I moved here my old post on history of graphed paper from my old blog. My question was: who, when and where printed the first sheet of graphed paper – and what was the motivation?

This was what my readers told me:

Between 1890 and 1910, the number of U.S. high school students quadrupled. Research mathematicians took an active interest in improving high school education. E. H. Moore, a distinguished mathematician at the University of Chicago, served on mathematics education panels and wrote at length on the advantages of teaching students to graph curves using paper with “squared lines.” (from “Teaching Math in America“)

From Notes on the History of Math Teaching and Math Books

Hall and Stevens “A school Arithmetic”, printed in 1919, has a chapter on graphing on “squared paper”. Some more notes on Graph paper can be found here.

And more:

The actual date of the first commercially published “coordinate paper” is usually attributed to Dr. Buxton of England in 1795 (if you know more about this man, let me know). The earlist record I know of the use of coordinate paper in published research was in 1800. Luke Howard (who is remembered for creating the names of clouds.. cumulus, nimbus, and such) included a graph of barometric variations. [On a periodical variation of the barometer, apparently due to the influence of the sun and moon on the atmosphere. Philosophical Magazine, 7 :355-363. ]

The increased use of graphs and graph paper around the turn of the century is supported by a Preface to the “New Edition” of Algebra for Beginners by Hall and Knight. The book, which was reprinted yearly between the original edition and 1904 had no graphs appearing anywhere. When the “New Edition” appeared in 1906 it had an appendix on “Easy Graphs”, and the cover had been changed to include the subhead, “Including Easy Graphs”. The preface includes a strong statement that “the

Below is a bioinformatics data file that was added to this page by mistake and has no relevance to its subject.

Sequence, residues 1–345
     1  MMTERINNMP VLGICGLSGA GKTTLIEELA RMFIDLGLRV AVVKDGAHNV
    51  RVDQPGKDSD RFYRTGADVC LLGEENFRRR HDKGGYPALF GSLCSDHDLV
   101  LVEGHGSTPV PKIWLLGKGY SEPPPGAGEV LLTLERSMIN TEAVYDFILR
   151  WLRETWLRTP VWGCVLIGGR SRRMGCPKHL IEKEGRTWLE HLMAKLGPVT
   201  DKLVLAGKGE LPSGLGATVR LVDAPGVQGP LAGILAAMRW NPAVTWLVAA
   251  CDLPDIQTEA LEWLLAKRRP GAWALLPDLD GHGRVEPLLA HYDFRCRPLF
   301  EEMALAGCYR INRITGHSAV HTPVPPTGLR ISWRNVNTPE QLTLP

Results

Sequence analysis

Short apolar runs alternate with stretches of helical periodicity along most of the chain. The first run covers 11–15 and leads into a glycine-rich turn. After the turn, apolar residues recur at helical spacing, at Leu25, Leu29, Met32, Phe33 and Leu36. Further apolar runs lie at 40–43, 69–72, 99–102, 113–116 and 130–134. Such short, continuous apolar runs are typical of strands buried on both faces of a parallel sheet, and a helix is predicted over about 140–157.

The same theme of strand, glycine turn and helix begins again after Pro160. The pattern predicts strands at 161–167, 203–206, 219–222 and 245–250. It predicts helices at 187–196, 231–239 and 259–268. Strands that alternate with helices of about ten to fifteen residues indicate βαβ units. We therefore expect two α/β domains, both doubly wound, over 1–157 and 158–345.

squared papershould be of good quality and accurately ruled to inches and tenths of an inch. Experience shews that anything on a smaller scale (such as ‘millimeter’ paper) is practically worthless in the hands of beginners.” He finishes with the admonition that, “The growing fashion of introducing graphs into all kinds of elementary work, where they are not wanted, and where they serve no purpose – either in illustration of guiding principles or in curtailing calculation – cannot be too strongley deprecated. (H. S. Hall, 1906)” The appendix continued to be the only place where graphs appeared as late as the 1928 edition. The term “graph paper seems not to have caught on quickly. I have a Hall (the same H S Hall as before) and Stevens A school Arithmetic, printed in 1919 that has a chapter on graphing on “squared paper”. Even later is a 1937 D. C. Heath text, Analytic Geometry by W. A. Wilson and J. A. Tracey, that uses the phrase “coordinate paper” (page 223, topic 153). Even in 1919 Practical mathematics for Home Study by Claude Irwin Palmer introduced a section on “Area Found by the Use of Squared Paper” and then defined “paper accurately ruled into small squares” (pg 183). It may be that the term squared paper hung on much longer in England than in the US. I have a 1961 copy of Public School Arithmetic (“Thirty-sixth impression, First published in 1910) by Baker and Bourne published in London that still uses the term “squared paper” but uses graphs extensively.

[…] 21, 2009 by Alexandre Borovik Not in the same league as “Banksy”, but “graphed paper” is a popular search word leading to my blogs. Again, I yield to popular demand and palce […]

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Another popular search word: “Graphed Paper” « Mathematics under the Microscopeon February 21, 2009at 11:31 am